3.Then there is the vision of a greater Israel based on religious belief, namely, the view that the ancient lands of Judaea and Samaria belong irrevocably to the Jewish people.
4. This is to be distinguished from the secular vision of a greater Israel, including the Palestinian territories, to be governed by some mutually acceptable economic agreements, combining together free-trade and economic growth zones.
At least since Yitzhak Rabin’s peace initiative and the Camp David accords, the idea of a “two-state solution” is the official policy of Israeli and American administrations. But the “two-state solution” has an ambivalent core and every so often, its hidden meanings erupt into public consciousness. The two-state solution became widely accepted not only because it guaranteed the right of the Palestinian people to self-determination but because it promised “demographic disengagement.” Suddenly, the demographers, those pseudo-politicians of hidden race thinking, argued that if Israel continued to occupy Gaza, the West Bank, and East Jerusalem that it would end up exercising military control over 5 million Palestinian Arabs, including those who are Israeli citizens and who live within the 1967 borders of Israel. Given the high Palestinian birth rate, it was felt that the Jewish nature of Israel would be at stake unless one disengaged from Gaza and returned some portion of the territories. Nightmares of being a minority in a state which one had founded to protect oneself from being second class citizens, despised, exploited, maligned and killed en masse were revived; suddenly all the ghosts of the Jewish unconscious from the pogroms of the Cossacks to the Nazi extermination camps came forth and a significant majority of the Israeli population signed on to Camp David and said “two states, side by side” to escape from this nightmare.
Yet many strategists of Israeli Realpolitik and many Israeli settlers have never accepted this vision. Since 1967 the settler movement has grown from a group of dreamy fanatics who believed in the sacred “land of Israel” (Eretz Israel) as opposed to the “state of Israel” (Medinat Israel) into a mixed mass of well-armed and well-funded militants and religious groups. They are the ones who shot Palestinians during Friday prayers in a mosque in Hebron, and the murderer of Yitzhak Rabin, Yigal Amir, came from their ranks. Like the murderers of Anwar Sadat in Egypt, who belonged to the Muslim Brotherhood, these are groups living in another age, hearing the voices of ancient gods and feel the tremors of ancient wars and obey ancient myths. They remain an irredentist and dangerous force for Israelis and Palestinians and will try to spoil any lasting peace in the region because their raison d’etre is a messianic vision of ancient and unending struggle. For them, the revolt of the Maccabees has a special resonance. Their violent potential is also manipulated by politicians on both sides to further their own short-sighted goals.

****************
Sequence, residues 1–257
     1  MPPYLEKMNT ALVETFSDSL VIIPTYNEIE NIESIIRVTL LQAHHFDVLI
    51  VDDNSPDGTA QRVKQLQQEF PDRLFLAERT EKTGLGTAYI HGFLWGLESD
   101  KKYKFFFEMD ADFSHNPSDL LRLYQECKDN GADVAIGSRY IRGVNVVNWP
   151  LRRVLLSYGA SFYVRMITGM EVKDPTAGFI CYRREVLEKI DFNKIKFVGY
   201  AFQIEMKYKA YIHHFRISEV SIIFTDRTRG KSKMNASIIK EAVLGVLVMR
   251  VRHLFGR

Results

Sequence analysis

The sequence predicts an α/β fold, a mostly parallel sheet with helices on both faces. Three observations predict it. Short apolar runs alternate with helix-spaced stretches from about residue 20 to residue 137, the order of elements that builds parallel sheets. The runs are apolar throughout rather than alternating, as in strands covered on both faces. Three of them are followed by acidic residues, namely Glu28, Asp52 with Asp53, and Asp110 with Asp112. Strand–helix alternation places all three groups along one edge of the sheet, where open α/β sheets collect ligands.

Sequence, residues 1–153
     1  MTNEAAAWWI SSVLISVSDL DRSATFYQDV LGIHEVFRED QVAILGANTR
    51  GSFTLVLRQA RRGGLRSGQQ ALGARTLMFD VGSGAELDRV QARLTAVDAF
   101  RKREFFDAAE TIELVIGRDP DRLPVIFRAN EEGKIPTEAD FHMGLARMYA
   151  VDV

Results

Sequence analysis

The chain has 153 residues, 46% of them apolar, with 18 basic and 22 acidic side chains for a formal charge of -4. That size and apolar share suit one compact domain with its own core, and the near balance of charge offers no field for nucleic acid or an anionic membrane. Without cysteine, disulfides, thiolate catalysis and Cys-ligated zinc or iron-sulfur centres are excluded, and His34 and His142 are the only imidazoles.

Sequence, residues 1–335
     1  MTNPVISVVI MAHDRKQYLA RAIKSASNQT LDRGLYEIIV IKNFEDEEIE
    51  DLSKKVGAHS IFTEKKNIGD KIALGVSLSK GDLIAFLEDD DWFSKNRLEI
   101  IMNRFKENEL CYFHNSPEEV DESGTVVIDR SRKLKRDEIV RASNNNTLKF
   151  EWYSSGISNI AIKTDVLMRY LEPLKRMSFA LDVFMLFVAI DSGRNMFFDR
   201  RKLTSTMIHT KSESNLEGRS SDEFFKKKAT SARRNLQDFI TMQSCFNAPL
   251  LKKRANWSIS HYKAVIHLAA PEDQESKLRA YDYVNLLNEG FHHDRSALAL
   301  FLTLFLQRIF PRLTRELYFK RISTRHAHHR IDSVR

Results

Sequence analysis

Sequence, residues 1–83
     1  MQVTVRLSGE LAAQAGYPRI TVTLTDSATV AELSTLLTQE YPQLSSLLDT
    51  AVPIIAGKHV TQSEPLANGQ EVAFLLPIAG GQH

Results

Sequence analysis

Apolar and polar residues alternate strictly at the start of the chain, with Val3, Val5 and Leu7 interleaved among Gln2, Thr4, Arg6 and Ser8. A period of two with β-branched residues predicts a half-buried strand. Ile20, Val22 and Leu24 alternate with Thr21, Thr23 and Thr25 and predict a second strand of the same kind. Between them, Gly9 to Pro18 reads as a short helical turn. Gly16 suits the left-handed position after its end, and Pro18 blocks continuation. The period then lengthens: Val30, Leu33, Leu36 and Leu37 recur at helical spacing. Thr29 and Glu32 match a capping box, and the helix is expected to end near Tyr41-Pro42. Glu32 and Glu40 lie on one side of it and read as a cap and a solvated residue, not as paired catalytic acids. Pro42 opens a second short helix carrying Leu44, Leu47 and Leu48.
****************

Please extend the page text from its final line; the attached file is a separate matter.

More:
But just as the plight of the Palestinians has been used by corrupt Arab regimes to shore up their own tattered legitimacy, so too the settler movement has been used by cynical Israeli elites to advance their vision of a secular, greater Israel. Described in unforgettable terms by Amos Oz in his book In the Land of Israel, there are the tough Jews attached to the land, who are oddly progressive when it comes to matters of economic cooperation and development with the Palestinians. Reminiscent of the white Rhodesian farmers and the enterprising cattle growers of Australia and the ranchers of South Africa, these are men who want to control and develop the land of Israel/Palestine. By contrast with liberals who are worried about the ‘soul of the democratic Israel,’ they are more concerned with the ‘muscle’ of Israel’s economic and agricultural reach. The hero of the 1967 war, Moshe Dayan, belonged to this group, as does, the now half-living and half-dead Ariel Sharon. For them, as long as the Palestinians are quiescent and thrifty capitalist entrepreneurs, as long as they develop the land rather than ruining it, coexistence is possible. The dreams of this group were shattered in 2005 when angry Palestinian mobs destroyed all those beautiful greenhouses built by Israelis in Gaza to export roses, tomatoes, and avocadoes the world. The wrath of the Palestinians that manifested itself in the destruction of property was interpreted by this group as by many colonial masters before them as proof of the incompetence of the natives to work hard, guard property, and add value to capital.